5.Work around the problem: Public organizations are often slammed hard with the phrase – “pay peanuts and you get monkeys”. This is a weak excuse for not using these organizations. They have been established with public money to help you, and generally provide a good infrastructure. Throw caution to the wind and find out from your OWN experience. If you then have an issue with either an individual or the quality of advice you have received, voice the issue at a higher level – there will be somebody within the organization tasked with putting solving the problem.
With the rising pressure on firms worldwide to look beyond their domestic borders, buyers will become increasingly relentless in their quest for top quality counsel and information. That means that advisors in every field of expertise will need to continuously demonstrate their own knowledge, resources, experience and commitment to providing good international advice.
As all in the advisory fraternity agree in the aftermath of the Enron scandal, it unfortunately only takes a small element to sour the reputation of the rest of the community who have worked hard to earn that trust. Moving forward, advisors in whatever capacity may wish to consider the following:
1.Know your limits: There is no better way to build credibility than by saying: I can’t help you, but I know somebody who can. If you really don’t think you have the expertise, don’t do it. Refer the business.
2.Form alliances: If you are building an international capability into your existing advisory or consulting practice, then start by forming alliances, so that areas of expertise can be cross-referred, even on a finder’s commission basis.
3.Recruit experienced individuals: Advisors increasingly need to show their strong international and commercial background. That means having in place budgets for attracting, motivating and retaining top quality individuals into organizations who are uniquely familiar with the international challenges and issues of the area they are advising.
4.Performance and measurement: Ensure that you have a quantitative, results-based infrastructure in place. This infrastructure should not only recognize the efforts of your best advisors, but will also weed out those few mediocre unresponsive individuals intent on riding on the back of the rest.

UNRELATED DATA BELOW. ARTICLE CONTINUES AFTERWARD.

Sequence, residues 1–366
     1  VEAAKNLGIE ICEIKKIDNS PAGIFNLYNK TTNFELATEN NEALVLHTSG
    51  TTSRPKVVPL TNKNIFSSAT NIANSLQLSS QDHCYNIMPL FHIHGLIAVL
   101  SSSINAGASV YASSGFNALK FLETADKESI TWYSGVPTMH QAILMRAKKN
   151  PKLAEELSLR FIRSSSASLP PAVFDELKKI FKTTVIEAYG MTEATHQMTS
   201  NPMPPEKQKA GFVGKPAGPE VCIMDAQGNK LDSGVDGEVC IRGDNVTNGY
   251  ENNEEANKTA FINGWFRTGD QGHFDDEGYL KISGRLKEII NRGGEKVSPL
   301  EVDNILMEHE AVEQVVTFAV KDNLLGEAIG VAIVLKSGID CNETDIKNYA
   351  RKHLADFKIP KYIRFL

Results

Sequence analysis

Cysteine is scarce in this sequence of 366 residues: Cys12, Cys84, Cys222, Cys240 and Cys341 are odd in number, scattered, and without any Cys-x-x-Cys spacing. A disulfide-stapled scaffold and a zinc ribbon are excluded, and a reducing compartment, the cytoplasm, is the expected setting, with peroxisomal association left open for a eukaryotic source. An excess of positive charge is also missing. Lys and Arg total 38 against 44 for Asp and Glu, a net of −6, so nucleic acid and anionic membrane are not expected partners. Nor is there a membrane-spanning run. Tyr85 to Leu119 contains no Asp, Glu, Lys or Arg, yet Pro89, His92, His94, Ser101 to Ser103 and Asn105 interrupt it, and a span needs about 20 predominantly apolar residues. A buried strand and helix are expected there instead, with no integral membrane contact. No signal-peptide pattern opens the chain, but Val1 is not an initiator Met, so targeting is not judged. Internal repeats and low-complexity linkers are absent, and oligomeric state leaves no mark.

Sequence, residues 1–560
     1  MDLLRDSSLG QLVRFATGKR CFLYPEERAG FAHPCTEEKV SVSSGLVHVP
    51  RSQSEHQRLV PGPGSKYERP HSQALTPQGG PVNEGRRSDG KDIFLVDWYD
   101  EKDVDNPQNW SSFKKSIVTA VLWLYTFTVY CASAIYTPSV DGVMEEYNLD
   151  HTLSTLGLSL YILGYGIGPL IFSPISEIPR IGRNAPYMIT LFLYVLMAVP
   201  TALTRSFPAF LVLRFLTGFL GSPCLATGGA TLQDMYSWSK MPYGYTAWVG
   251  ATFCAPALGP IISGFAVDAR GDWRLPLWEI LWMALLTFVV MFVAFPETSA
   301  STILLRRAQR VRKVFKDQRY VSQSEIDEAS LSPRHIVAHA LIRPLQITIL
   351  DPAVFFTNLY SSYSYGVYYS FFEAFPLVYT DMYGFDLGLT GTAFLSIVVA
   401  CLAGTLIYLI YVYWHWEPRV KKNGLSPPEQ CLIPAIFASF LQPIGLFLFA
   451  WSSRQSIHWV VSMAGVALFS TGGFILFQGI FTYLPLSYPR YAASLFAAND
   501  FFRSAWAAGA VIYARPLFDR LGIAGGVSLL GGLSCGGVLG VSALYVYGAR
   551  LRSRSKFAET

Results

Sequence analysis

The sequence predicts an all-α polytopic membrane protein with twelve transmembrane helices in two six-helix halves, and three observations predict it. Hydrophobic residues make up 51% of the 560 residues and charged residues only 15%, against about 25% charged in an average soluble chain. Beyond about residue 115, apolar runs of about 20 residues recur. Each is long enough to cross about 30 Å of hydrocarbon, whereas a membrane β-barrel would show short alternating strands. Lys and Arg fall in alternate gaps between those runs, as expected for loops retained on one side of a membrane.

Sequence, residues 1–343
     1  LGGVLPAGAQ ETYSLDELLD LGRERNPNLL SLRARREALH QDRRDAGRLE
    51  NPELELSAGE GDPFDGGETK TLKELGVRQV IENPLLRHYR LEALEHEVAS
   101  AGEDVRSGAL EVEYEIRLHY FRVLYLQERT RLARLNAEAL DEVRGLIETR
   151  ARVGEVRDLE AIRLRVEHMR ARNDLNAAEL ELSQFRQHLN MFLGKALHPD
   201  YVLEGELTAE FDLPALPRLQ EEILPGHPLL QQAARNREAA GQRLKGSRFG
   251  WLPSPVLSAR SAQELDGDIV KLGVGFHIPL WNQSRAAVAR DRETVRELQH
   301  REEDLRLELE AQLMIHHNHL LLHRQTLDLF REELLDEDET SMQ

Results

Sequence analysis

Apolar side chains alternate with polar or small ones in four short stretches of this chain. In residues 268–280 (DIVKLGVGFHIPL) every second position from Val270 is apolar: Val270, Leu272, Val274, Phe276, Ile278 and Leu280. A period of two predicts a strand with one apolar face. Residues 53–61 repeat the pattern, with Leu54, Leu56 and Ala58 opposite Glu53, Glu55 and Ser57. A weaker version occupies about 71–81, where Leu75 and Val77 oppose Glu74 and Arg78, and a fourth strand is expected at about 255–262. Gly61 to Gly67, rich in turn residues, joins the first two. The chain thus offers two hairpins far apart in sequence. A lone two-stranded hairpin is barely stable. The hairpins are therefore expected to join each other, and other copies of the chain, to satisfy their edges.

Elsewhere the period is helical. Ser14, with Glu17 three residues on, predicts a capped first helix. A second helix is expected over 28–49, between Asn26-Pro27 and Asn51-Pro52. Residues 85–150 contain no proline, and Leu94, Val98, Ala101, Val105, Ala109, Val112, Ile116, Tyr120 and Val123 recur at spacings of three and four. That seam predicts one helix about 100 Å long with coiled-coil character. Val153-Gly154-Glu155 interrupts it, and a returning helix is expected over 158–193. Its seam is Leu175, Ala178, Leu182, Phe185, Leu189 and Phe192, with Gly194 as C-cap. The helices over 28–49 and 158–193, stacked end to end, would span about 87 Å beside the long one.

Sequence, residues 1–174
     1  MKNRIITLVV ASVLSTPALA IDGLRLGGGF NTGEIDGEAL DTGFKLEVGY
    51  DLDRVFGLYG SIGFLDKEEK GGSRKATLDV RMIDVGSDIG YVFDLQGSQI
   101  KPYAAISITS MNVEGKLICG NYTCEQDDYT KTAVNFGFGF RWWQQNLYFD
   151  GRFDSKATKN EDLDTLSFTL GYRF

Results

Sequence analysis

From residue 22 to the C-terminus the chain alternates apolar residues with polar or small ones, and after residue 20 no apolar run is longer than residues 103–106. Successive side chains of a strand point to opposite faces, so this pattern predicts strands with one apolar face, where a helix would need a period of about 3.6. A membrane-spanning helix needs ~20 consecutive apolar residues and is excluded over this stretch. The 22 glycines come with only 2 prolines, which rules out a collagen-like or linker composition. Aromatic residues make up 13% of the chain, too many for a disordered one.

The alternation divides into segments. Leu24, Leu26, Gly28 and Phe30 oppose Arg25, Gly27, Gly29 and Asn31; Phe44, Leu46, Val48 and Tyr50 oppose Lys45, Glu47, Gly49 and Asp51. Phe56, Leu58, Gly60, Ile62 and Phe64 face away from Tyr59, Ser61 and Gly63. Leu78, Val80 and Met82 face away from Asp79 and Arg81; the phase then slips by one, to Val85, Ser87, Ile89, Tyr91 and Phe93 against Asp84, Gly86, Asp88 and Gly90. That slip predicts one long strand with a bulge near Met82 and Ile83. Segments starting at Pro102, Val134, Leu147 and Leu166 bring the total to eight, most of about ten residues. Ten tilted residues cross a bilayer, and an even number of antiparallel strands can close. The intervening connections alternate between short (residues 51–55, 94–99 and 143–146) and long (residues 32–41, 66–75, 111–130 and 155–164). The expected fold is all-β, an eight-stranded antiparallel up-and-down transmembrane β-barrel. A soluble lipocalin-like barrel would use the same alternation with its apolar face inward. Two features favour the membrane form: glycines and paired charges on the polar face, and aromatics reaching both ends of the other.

5.Avoid complacency: The world changes rapidly. So does information. Stay on top of your field of expertise.
6.Give it to them in a language they can understand: Advice needs to be delivered in a way that is easily translatable into everyday, practical situations. Don’t give clients an excuse to see your hard-earned work end up on a bookshelf collecting dust.
7.Consider your options: Finally, to those very few who enter the field without the proper background and experience, or who are not taking their role that seriously, you are not only doing yourself a disservice, but also those of your advisory fraternity. Frankly, you should consider a career in landscape design.
In summary, an indication of the strength of an executive’s commitment to international success is his ongoing determination to continue seeking external counsel, realizing that not all advisors can be tarred with the same brush.
The mountaineering and sports clothing manufacturer Berghaus sums it all up in a recent advertising campaign. A photo showing world famous climber Chris Bonnington reaching the summit carries a great strap-line – “Trust is earned!” International advisors in pretty much every capacity face a steep climb as it is. If we are to encourage firms to continue relying on external advice, let’s not allow the a few misfits to spoil it for the rest of us who have worked so hard to earn that trust.
Trevor O’Hara is Managing Partner of Renarc (www.renarc.com), a consultancy specializing in helping firms build a framework for successful international expansion. He can be reached by phone on Tel: +44 (0)1491 411 118, or via email at firstname.lastname@example.org